Category Archives: Mitch Green

Let the Palmer House (not Fiscal House) be our Guide

By Mitch Green

Readers of this blog familiar with my previous posts know that I love trains. Sure, they’re slow. And after about twelve hours the coach cars start to get a little, well, worn. But, as a mode of conveyance they offer one time to reflect, and if you are lucky a little time to explore a new city.

Source: Wikimedia Commons

Travelling from Kansas City to NYC via Chicago, I had the pleasure of visiting the Palmer House – a fine example of the workmanship of a bygone era. Upon entering the great hall I was immediately struck by the grandeur of its ceiling. I have had the privilege to experience similar wonder and amazement in travels elsewhere, and as far as ornate ceilings this was not my first time at the rodeo – I’ve been to the Sistine Chapel, after all. What struck me the most about that moment in the Palmer House was not driven by my taste for architecture or the fine arts (which is probably ‘vulgar’ by any convention), but that it serves as a lasting example of what society is capable of achieving. Continue reading

An Open Letter to the Winter Patriot

By Mitch Green

The following letter reflects my view on the subject of civil disobedience and does not necessarily mirror the general opinion of New Economic Perspectives.  I offer my opinion as an Army veteran, student of the economy, and critic of an ongoing effort to wage economic war on the vast majority the population.  If these words move you, I urge you to consider honestly the consequences if you decide to act.  

As the occupymovement continues to grow in defiance of the heavy-handed police actiondetermined to squelch it, a natural question emerges: What point will the militarybe summoned to contain the cascade of popular dissent?  And if our nation’s finest are brought intothis struggle to stand between the vested authority of the state and the ranksof those who petition them for a redress of grievance, what may we expect theoutcome to be?

If history isour guide then we know that story all too well. Behind a thin veil of red, white and blue stands a nation that has usedits military might to respond forcefully to any public contempt for the veryinstitutions which bind us in exclusion from the liberty those colorsevoke.  Just as a training collar keeps adog in check, a highly militarized police force responds mercilessly, sharply,and without hesitation with an array of chemical warfare and thuggish brutality.  And where they fail, divisions of soldiers standready to deliver a serious and painful lesson to all who demonstrate theirunwillingness to wait for democracy.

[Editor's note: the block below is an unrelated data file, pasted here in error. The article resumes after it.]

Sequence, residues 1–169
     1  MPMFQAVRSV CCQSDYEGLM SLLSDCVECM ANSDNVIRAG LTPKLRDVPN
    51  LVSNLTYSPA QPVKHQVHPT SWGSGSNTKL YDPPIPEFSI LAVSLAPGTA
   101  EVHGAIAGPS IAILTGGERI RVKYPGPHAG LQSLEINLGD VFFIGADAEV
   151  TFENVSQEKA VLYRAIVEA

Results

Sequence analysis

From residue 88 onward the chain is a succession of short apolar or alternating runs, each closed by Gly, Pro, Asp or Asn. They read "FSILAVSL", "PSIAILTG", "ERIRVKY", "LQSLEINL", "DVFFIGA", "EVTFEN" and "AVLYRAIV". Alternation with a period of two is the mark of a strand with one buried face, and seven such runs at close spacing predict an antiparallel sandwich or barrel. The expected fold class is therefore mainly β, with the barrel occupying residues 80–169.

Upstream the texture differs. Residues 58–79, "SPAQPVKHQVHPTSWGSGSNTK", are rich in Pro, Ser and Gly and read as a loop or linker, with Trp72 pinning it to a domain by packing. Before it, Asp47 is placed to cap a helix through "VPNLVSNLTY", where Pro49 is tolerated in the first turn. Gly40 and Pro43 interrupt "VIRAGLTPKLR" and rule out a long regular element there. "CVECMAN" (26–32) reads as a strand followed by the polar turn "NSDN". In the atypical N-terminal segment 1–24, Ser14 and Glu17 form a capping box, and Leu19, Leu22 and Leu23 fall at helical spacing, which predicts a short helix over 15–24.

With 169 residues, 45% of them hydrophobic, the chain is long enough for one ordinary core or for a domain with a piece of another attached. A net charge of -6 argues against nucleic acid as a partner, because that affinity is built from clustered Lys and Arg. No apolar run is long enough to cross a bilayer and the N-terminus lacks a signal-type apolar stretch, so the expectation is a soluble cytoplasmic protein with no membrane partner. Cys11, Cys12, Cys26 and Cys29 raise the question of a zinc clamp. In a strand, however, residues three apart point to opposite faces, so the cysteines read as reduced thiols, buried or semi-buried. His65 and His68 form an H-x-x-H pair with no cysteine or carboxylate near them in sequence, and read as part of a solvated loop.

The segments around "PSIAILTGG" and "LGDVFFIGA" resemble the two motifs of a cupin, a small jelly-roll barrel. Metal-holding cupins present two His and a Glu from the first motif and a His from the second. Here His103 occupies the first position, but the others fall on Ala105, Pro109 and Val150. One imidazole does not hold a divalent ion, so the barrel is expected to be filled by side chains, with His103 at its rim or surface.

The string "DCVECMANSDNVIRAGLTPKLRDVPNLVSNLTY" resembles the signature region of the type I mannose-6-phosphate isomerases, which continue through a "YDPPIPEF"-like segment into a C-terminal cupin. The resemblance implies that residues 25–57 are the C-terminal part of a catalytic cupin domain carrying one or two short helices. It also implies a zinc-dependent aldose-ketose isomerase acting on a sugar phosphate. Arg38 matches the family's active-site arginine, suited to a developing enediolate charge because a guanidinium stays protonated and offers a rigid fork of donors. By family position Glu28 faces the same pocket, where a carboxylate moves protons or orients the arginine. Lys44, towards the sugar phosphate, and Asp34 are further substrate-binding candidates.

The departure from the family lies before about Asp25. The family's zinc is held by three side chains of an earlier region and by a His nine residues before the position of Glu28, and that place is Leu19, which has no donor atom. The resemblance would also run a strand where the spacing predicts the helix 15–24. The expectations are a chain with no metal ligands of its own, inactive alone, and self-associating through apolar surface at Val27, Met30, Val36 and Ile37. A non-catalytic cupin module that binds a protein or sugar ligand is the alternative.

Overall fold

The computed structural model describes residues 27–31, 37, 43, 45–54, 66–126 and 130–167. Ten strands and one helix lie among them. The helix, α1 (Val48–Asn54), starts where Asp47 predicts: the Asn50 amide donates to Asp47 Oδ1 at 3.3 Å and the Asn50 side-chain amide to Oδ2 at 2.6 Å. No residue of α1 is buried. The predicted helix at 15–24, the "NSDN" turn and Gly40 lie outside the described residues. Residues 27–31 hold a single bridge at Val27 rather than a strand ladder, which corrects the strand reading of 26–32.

This has beenthe history of democracy in America.  Theink on the pages that chronicle the use of state violence towards an unrulycitizenry is dry.  We cannot rewrite them.  We read them in lament.  But for each new day history waits; at thedawn of each morning we are presented with the gift of creation.  The prevailing thought woven into the fabricof our society today, threaded through both patterns of conservative andliberal ideology, remains the recognition that something is very wrong with theworld.  Naturally, we form thequestion:  Can we do thingsdifferently?  Once we animate thatthought and present it to society as a question demanding an answer, we begin tosketch out our draft of the world in the pages of history.

I call upon mybrothers and sisters in the armed forces to ink their pens and help us writethese next few, and most important pages in the history of our social life.  Soon, it is quite likely that you will bemobilized to aid the police in their effort to contain or disperse what theirbosses see as an imminent threat to the sanctity of their authority.  As that day draws near, I remind you of thesefamiliar words:

I, (NAME), do solemnly swear (oraffirm) that I will support and defend the Constitution of the United Statesagainst all enemies, foreign and domestic; that I will bear true faith andallegiance to the same; and that I will obey the orders of the President of theUnited States and the orders of the officers appointed over me, according toregulations and the Uniform Code of Military Justice. So help me God.

Those that take this oath seriously are facedwith a terrible conflict.  You mustbattle internally between the affirmation that you will place your body betweenthe social contract embedded in the Constitution and those that seek itsdestruction, while maintaining your loyalty to the government you serve and theorders issued by its officers.  Sadly,society has placed a twin tax upon you by asking that you sacrifice both yourbody and your morality.  This tax hasbeen levied solely upon you overseas, and soon they’ll come to collectdomestically.  Your government in itsexpression of corporate interests relies upon your tenacity to endure, and yourrelentless willingness to sacrifice.  Andso you do. 

Now, more than ever we need your sacrifice.  But, I’m asking you to soldier in a differentway.  If called upon to deny the peopleof their first amendment right to peaceably assemble and petition theirgovernment for a redress of grievance, disregard the order.  Abstain from service.  Or if you are so bold, join us. Make no mistake: The consequences for suchdecisions are severe.  You will be prosecuted under the fullextent of the law.  But sacrifice is yourwatch word.